In the 1950s, Alaska was a land of booming opportunity. Men from around the nation were drawn to jobs in the state's expanding oil industry. Cathy Hiebert, executive director of the Alaska Broadcasters Association, said some new residents felt left behind.

"The families would come up, but the women would feel isolated because they didn't have that one thing; they didn't have television," she said. "And often times they would just give up and leave. The families would leave."

Hiebert's father, Augie, was determined to change that. 

"Dad had seen television in the Lower 48, when he'd make trips outside," Cathy Hiebert said. "Now, he had to convince stores up here that he was going to have a viable television station, and that they needed to carry TV sets in order to sell them to the people who wanted to watch TV." 

On Dec. 11, 1953, Augie Hiebert started Alaska's first television station, KTVA. 

Sixty-five years later, Channel 11 continues to broadcast statewide — even during some of Alaska's most devastating times, like the 1964 earthquake.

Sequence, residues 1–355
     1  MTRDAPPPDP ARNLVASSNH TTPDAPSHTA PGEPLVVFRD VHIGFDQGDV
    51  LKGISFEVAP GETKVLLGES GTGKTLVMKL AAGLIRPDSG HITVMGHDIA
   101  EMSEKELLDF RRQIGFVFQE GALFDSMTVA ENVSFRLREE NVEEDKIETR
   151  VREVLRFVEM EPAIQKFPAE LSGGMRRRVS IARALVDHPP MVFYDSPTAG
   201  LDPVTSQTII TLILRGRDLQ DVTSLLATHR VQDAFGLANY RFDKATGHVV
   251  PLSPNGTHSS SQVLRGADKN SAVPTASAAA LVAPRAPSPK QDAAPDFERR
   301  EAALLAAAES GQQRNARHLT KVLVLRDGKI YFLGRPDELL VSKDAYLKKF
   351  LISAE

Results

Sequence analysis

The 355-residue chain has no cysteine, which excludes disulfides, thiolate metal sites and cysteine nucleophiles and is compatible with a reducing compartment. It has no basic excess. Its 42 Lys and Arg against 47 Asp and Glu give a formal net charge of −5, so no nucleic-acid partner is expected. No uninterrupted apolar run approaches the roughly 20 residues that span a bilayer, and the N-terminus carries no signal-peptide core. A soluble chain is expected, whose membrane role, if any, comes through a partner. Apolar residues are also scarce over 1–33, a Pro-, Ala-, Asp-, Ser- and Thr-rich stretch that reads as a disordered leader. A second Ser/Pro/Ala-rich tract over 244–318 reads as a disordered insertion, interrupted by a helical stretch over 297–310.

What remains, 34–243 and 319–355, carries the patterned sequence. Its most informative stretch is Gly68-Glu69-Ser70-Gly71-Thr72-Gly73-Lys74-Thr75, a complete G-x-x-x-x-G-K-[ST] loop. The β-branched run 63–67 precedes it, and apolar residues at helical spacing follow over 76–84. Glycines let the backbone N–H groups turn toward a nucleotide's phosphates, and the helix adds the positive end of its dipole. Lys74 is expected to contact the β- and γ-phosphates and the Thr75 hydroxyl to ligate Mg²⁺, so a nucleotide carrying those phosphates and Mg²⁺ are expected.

"All I did during the whole four minutes was try and push my filing cabinet back. It kept opening up and hitting me in the back of the head," Augie Hiebert said in a 2002 interview by Alaska Moving Image Preservation Association (AMIPA). 

In a book written by his eldest daughter, Robin Ann Chlupach, Augie Hiebert described his thoughts once the shaking stopped:

"I was pretty sure from the action of the building, that the tower had broken off. And the thought crossed my mind that if the antenna is broken and gone, plus whatever other damage has been done, it is probably the end of Northern TV. If it's still up there, there's still hope. I ran out the door when everything quieted, and looked up. And there it was, and I thought, 'By George, we're going to make it!'"

His daughter Cathy said he might have approached the aftermath of the Nov. 30 earthquake with the same optimism. 

"You get out the shovels, you clean up the mess, you stay on the air. You're working in hard hat conditions. And keeping everybody informed. It's all those critical pieces of information that make local broadcast, TV and radio so important," Hiebert said. 

Tuesday marked 65 years of television in Alaska — predating statehood thanks to Augie Hiebert's vision for a stronger community and his mission to keep Alaskans connected.

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